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Drought Conditions Affect All Harvest in NoCO

Olivia White photo credit
Written by Emery Younger

Photo via Olivia White ’17

Late last week, federal authorities offered much needed assistance to North Country farmers. On September 30, the US Department of Agriculture added Jefferson, Lewis, Oswego and Broome counties to the list of primary natural disaster areas. Due to its proximity to these classified counties, St. Lawrence County is now eligible for additional Department of Agriculture relief funding. This funding is meant to aid farmers who have experienced crop loss in recent months. According to Jefferson County’s Local Development County, some farms have experience crop loss of up to 60 percent.

Since mid-Summer, much of New England has been marred by an extended period of drought. From Bar Harbor, Maine to Buffalo, New York, large swaths of farmland are currently classified by the Department of Agriculture as experiencing extreme drought conditions. A weather station at the Watertown Airport records rainfall for Jefferson County. According to the station, just twelve inches of rain have fallen over the past six months.

“It was dry all summer,” said Allison Noble ’17, whose family operates a pumpkin farm in Canton. “People at the farmers market have suffered from small crops. For them, summer is [typically] the season where they generate the most income,” she added. Recently, Noble and her family have seen the effect of the drought on their pumpkin patch. “We were worried about the crops after seeing some of the vines,” said Noble. “It has been tough, we weren’t able to water the pumpkins because our well was dry.” Since the winter the water table has been low due to the small amount of snow this past winter, this has only been further exacerbated by the drought’s heat.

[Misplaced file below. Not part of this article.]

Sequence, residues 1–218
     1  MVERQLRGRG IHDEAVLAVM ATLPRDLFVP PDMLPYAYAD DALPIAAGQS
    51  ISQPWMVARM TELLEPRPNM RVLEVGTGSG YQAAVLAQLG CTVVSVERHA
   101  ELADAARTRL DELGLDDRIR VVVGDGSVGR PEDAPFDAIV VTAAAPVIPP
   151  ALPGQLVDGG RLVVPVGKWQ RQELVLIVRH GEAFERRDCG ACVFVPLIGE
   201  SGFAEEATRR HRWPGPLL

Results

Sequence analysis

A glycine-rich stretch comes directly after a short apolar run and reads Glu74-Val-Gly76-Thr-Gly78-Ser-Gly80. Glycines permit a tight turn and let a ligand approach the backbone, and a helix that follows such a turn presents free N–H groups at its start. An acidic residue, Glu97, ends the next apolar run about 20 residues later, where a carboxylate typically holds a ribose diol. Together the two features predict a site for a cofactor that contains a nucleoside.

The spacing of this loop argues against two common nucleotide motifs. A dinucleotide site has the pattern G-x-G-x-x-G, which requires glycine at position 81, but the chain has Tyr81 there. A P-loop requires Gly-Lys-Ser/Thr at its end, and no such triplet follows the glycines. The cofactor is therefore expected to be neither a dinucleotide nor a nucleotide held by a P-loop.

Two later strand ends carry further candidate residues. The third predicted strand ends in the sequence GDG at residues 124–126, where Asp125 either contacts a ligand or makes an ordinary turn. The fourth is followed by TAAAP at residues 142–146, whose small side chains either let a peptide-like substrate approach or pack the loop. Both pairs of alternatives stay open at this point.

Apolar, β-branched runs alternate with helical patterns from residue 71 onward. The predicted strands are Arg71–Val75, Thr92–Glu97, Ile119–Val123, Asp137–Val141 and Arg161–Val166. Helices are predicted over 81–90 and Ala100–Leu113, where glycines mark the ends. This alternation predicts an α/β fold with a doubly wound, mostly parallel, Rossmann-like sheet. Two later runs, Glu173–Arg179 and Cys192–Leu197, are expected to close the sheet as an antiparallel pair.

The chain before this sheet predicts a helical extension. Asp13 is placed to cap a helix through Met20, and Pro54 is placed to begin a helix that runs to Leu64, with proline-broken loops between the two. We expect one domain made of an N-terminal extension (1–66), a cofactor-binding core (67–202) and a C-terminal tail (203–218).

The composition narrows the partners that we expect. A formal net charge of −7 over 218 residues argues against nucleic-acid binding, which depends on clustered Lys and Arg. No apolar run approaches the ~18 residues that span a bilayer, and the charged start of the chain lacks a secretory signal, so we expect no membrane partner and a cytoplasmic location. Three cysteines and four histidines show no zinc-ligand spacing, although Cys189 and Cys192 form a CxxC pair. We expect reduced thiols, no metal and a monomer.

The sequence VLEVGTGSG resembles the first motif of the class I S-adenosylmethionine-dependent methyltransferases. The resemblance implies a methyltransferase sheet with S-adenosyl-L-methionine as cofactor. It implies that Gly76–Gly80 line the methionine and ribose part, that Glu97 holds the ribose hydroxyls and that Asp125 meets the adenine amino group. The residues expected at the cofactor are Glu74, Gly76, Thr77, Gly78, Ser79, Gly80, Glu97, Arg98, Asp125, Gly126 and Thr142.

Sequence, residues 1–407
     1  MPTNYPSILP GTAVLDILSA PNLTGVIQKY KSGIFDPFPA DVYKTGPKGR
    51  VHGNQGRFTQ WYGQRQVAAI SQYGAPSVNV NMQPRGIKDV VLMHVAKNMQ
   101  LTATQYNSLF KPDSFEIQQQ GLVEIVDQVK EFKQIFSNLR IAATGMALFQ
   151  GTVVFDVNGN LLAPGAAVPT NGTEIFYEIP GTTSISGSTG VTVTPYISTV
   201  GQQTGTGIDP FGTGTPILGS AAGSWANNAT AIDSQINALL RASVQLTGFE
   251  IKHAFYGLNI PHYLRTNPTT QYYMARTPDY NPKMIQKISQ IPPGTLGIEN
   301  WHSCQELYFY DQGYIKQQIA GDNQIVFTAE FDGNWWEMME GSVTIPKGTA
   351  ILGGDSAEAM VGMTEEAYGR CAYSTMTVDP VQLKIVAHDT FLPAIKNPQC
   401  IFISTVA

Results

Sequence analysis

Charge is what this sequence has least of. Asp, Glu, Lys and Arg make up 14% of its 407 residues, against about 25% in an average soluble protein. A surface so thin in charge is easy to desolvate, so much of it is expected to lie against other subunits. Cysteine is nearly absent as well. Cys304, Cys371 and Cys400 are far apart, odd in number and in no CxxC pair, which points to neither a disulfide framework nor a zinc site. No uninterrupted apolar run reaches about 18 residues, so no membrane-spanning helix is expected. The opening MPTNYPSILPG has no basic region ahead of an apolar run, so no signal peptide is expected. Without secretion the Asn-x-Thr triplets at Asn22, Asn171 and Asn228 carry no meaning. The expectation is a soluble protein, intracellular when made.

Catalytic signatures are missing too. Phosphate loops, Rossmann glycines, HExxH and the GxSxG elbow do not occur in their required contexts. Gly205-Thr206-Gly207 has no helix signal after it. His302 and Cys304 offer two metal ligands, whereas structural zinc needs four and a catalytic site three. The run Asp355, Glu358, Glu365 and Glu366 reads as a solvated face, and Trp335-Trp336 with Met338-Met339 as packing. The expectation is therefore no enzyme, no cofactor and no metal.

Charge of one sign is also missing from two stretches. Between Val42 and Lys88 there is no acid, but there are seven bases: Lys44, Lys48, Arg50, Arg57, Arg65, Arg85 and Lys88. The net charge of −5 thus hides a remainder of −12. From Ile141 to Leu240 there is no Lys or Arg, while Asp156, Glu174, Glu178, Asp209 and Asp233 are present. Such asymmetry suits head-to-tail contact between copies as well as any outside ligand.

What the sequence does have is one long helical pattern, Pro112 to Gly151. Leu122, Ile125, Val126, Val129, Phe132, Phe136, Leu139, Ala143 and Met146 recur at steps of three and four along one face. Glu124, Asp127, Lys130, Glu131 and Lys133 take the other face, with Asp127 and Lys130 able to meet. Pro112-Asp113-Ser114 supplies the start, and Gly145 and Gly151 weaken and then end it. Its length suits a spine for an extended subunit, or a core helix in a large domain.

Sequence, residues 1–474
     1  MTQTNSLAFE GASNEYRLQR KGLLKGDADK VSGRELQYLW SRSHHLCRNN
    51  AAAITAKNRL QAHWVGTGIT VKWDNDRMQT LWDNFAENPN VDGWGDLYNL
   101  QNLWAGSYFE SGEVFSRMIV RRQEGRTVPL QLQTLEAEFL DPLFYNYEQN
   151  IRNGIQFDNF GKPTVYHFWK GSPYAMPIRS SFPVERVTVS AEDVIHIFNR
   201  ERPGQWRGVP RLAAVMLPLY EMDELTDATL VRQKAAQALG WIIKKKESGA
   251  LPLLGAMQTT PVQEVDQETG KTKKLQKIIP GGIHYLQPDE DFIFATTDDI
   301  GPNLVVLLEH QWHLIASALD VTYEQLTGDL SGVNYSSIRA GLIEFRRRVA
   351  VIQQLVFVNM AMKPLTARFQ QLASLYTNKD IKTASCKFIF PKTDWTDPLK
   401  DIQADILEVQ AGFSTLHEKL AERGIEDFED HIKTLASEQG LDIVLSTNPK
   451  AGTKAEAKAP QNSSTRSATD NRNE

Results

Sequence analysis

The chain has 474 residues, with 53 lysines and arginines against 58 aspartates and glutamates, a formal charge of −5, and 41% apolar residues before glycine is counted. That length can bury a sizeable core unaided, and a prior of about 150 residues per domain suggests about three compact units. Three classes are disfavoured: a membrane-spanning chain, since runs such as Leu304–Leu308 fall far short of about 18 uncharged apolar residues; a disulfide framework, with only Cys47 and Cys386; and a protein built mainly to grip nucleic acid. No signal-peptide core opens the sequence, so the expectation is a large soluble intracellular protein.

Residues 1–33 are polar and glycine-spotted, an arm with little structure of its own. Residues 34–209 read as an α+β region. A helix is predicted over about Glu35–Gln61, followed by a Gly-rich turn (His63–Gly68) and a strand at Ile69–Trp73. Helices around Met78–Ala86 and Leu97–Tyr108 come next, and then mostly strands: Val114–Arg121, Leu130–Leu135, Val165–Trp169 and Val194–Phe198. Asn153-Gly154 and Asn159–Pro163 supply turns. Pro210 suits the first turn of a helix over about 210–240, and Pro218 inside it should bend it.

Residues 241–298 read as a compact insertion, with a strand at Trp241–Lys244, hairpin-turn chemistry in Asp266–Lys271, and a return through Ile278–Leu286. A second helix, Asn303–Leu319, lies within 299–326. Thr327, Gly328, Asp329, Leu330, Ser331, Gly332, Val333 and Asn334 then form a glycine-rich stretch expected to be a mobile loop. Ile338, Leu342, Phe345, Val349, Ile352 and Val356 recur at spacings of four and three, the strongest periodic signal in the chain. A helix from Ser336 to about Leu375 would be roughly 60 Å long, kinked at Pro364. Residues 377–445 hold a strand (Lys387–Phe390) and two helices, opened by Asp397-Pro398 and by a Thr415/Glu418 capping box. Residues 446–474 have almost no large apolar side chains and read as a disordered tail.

The drought’s effects are felt across the North Country. Louie Freda ’17 and his younger brother Joe have a small garden behind their home in Watertown. Their garden hosts a variety of plants including baby tomatoes, basil, and white pansies, all of which have been impacted by the drought. “We had to use a lot more water this summer,” stated Joe. “The sprinkler would be on from 8:30 in the morning until close to 2 in the afternoon,” he added.

The impact of drought conditions is not limited to farmers and gardeners; it also has the potential to damage the vibrancy of fall foliage. In drought conditions, leaves have a tendency to be scorched. If this occurs, foliage turns a darker brown color, rather than transforming into the vibrant orange and red hues that are often associated with fall. This not only affects the aesthetics of SLU’s tree-filled campus or the likes received on a fall-themed Instagram, it also has a deep impact on the tourism economy of New England and the Adirondacks. Without the stunning displays of colorful trees, the region’s leaf-peeping tourists are likely to stay home instead of injecting their funds into the lo-cal economy.

While the drought has also decreased the crop for apple orchards, the dry weather has caused one small benefit to apple eaters. Since the fruit trees absorb less water, the concentration of sugars is much higher. This ultimately leads to apples that are much sweeter in flavor.

About the author

Emery Younger